Aids financial institutions that may not pose a systemic risk. Some companies, such as AIG, may truly pose a systemic risk to the entire market. However, there is no requirement under the proposal that a company truly be “too big to fail.” Instead, any financial institutions with mortgage-related assets would be eligible.

Additional Background: On Friday, September 19, 2008, the Treasury Department requested broad new authority to calm U.S. financial markets and purchase illiquid mortgage-related assets from various financial institutions. According to extensive press reporting, the Administration took this action after a series of repeated federal interventions were unsuccessful and a panic began to spread throughout financial markets.

The market for commercial paper, or short-term corporate bonds, tightened as institutional investors increasingly valued ready cash. These investors, namely money-market funds, continued to hoard cash in preparation of an expected run on their funds, which began as investors withdrew roughly $144.5 billion (compared to $7.1 billion the week before). In many cases, these investors fled to short-term government bonds, accepting little-to-no rate of return in exchange for the knowledge that their cash was secured. One money-market fund, Putnam Prime Money Market Fund, shut down because too many investors sought to take their money out at one time, and another, Reserve Primary Fund, announced that it would suspend redemptions temporarily. Administration officials feared that such a lack of confidence would spread.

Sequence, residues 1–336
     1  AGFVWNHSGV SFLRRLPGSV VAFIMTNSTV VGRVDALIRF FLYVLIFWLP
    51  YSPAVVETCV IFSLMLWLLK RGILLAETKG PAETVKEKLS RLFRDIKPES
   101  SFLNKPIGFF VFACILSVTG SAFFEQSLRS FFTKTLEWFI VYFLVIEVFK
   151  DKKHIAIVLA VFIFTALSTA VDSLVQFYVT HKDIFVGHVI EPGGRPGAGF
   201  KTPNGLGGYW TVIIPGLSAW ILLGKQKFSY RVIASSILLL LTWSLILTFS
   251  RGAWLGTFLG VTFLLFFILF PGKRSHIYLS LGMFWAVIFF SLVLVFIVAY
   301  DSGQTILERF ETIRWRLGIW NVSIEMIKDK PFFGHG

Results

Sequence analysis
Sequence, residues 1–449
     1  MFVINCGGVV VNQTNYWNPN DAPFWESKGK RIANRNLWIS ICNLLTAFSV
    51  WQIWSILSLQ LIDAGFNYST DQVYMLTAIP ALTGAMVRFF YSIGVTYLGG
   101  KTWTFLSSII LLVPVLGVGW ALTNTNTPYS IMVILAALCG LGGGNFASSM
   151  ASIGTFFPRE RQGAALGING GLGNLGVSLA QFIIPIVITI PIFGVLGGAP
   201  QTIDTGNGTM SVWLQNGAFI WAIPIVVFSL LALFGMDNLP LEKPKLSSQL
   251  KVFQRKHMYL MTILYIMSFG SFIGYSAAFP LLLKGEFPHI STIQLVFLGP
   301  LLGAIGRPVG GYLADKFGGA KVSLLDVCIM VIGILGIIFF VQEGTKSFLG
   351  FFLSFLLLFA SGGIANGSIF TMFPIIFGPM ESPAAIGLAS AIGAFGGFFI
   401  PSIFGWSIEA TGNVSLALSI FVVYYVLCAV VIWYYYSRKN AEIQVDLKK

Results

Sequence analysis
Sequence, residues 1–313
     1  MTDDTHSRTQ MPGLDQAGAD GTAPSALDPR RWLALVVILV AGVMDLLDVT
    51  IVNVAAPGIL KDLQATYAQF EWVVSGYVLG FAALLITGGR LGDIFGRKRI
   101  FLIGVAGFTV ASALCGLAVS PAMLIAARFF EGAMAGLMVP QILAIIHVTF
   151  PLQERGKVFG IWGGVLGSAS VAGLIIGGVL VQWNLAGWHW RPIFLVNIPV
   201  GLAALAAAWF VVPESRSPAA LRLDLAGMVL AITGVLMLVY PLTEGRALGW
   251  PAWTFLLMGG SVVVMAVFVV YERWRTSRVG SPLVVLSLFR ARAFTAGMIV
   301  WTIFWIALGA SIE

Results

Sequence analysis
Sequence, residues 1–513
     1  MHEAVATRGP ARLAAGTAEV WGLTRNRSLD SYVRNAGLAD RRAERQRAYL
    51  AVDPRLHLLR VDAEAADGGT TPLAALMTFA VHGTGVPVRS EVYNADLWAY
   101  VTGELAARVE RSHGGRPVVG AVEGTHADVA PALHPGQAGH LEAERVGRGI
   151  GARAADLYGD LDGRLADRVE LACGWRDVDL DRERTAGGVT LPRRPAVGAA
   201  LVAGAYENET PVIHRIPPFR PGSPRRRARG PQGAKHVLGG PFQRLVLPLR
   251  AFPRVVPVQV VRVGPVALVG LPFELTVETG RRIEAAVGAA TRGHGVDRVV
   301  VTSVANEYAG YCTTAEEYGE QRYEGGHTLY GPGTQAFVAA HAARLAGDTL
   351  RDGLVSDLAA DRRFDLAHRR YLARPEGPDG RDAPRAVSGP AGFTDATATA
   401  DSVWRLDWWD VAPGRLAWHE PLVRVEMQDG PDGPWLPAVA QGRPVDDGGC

The case of Reserve Primary Fund is instructive, because it was this money-market fund which seems to have set off the run due to the amount of corporate debt it held in Lehman Brothers. Lehman Brothers had filed for Chapter 11 bankruptcy protection the day before with more than $613 billion in debt. Between 2004 and 2007, this debt had been used in part to purchase almost $300 billion in securities backed by residential and commercial mortgages, otherwise known as mortgage-backed securities or MBS, which have been significantly devalued since the downturn in the housing market.

These “toxic” mortgage-related assets have been virtually unmovable from the portfolios of many financial institutions, such as Lehman Brothers, in part because the market has no idea what they are worth. This underlying predicament led to the Treasury Department’s request for blanket authority for the federal government to purchase them—taking them off portfolios, instilling confidence and capital in those firms who had previously held them, in order that lending and borrowing can resume.